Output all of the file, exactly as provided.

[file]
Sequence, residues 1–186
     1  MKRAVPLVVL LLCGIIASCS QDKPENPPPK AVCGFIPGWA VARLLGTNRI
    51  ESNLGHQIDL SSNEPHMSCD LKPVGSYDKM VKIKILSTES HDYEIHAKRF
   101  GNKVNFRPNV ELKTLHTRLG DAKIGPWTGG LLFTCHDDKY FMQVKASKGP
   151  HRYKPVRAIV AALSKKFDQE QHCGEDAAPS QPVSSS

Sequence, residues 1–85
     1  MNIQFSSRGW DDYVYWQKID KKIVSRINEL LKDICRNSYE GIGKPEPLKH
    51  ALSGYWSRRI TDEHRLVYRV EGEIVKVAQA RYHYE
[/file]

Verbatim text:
Sequence, residues 1–186
     1  MKRAVPLVVL LLCGIIASCS QDKPENPPPK AVCGFIPGWA VARLLGTNRI
    51  ESNLGHQIDL SSNEPHMSCD LKPVGSYDKM VKIKILSTES HDYEIHAKRF
   101  GNKVNFRPNV ELKTLHTRLG DAKIGPWTGG LLFTCHDDKY FMQVKASKGP
   151  HRYKPVRAIV AALSKKFDQE QHCGEDAAPS QPVSSS

Sequence, residues 1–85
     1  MNIQFSSRGW DDYVYWQKID KKIVSRINEL LKDICRNSYE GIGKPEPLKH
    51  ALSGYWSRRI TDEHRLVYRV EGEIVKVAQA RYHYE